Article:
Abstract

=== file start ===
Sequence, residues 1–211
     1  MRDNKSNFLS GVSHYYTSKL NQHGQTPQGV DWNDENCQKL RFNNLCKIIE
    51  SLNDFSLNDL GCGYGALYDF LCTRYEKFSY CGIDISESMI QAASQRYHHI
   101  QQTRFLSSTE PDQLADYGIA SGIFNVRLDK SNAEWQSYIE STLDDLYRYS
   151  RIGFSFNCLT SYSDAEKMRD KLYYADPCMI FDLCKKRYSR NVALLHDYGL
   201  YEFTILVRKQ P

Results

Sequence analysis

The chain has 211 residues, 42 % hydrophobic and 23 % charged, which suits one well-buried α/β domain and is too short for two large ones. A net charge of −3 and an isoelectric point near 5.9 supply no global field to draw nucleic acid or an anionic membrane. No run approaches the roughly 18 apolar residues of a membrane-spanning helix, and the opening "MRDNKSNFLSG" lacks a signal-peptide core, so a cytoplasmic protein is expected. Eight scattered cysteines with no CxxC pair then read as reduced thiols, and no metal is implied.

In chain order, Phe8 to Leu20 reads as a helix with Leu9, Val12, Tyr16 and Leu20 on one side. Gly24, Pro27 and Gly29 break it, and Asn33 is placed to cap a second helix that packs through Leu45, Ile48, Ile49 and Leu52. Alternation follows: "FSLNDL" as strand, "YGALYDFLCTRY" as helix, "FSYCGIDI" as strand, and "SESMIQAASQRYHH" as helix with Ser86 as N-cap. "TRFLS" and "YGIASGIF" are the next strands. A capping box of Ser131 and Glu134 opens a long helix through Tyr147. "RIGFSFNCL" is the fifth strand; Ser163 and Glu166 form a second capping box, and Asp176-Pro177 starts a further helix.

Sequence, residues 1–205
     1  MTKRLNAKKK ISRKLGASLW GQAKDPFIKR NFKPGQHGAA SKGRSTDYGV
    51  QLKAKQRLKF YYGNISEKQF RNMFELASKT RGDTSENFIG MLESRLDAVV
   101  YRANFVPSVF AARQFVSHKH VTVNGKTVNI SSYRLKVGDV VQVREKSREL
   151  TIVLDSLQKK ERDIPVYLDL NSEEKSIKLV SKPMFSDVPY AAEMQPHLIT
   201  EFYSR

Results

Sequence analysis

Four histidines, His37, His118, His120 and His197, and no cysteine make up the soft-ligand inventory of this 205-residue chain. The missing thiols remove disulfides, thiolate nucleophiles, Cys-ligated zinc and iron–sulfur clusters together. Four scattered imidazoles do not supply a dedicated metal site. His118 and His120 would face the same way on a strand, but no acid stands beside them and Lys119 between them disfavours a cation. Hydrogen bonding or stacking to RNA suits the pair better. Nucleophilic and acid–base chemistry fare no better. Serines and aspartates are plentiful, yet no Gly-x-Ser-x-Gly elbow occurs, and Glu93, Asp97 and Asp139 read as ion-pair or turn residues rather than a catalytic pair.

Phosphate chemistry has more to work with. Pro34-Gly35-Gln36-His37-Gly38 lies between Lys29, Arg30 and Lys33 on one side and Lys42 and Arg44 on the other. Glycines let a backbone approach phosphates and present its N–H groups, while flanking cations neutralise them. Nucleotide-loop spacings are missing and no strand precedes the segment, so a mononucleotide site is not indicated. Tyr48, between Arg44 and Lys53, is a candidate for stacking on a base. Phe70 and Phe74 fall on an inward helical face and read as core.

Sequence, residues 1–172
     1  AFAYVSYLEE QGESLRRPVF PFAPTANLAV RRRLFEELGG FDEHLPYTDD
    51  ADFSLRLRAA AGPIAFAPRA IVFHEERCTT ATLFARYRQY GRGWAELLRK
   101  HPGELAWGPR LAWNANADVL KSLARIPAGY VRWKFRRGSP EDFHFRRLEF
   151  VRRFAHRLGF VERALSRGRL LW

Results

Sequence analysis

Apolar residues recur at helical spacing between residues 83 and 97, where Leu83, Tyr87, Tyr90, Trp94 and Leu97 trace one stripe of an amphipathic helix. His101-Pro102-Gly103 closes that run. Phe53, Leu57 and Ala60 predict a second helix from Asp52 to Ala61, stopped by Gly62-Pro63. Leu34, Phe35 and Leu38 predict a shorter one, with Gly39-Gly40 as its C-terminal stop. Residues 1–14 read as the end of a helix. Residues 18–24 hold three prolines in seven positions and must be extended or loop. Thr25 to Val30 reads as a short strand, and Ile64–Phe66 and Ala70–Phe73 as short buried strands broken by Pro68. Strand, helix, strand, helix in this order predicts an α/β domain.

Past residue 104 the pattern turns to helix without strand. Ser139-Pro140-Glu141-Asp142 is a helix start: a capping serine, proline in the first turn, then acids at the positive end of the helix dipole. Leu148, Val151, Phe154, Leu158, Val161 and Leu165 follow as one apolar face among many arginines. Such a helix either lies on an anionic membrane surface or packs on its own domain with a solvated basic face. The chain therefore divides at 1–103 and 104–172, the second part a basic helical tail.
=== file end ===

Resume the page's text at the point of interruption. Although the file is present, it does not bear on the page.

We have used small injections of biocytin to label and compare patterns of intreareal, laterally spreading projections of pyramidal neurons in a number of areas of macaque monkey cerebral cortex. In visual areas (V1, V2, and V4), somatosensory areas (3b, 1, and 2), and motor area 4, a punctate discontinuous pattern of connections is made from 200-μm-diameter biocytin injections in the superficial layers. In prefrontal cortex (areas 9 and 46), stripe-like connectivity patterns are observed. In all areas of cortex examined, the width of the terminal-free gaps is closely scaled to the average diameter of terminal patches, or width of terminal stripes. In addition, both patch and gap dimensions match the average lateral spread of the dendritic field of single pyramidal neurons in the superficial layers of the same cortical region. These architectural features of the connectional mosaics are constant despite a twofold difference in scale across cortical areas and different species. They therefore appear to be fundamental features of cortical organization. A model is offered in which local circuit inhibitory “basket” interneurons, activated at the same time as excitatory pyramidal neurons, could veto pyramidal neuron connections within either circular or stripe-like domains; this could lead to the formation of the pattern of lateral connections observed in this study, and provides a framework for further theoretical studies of cerebral cortex function.

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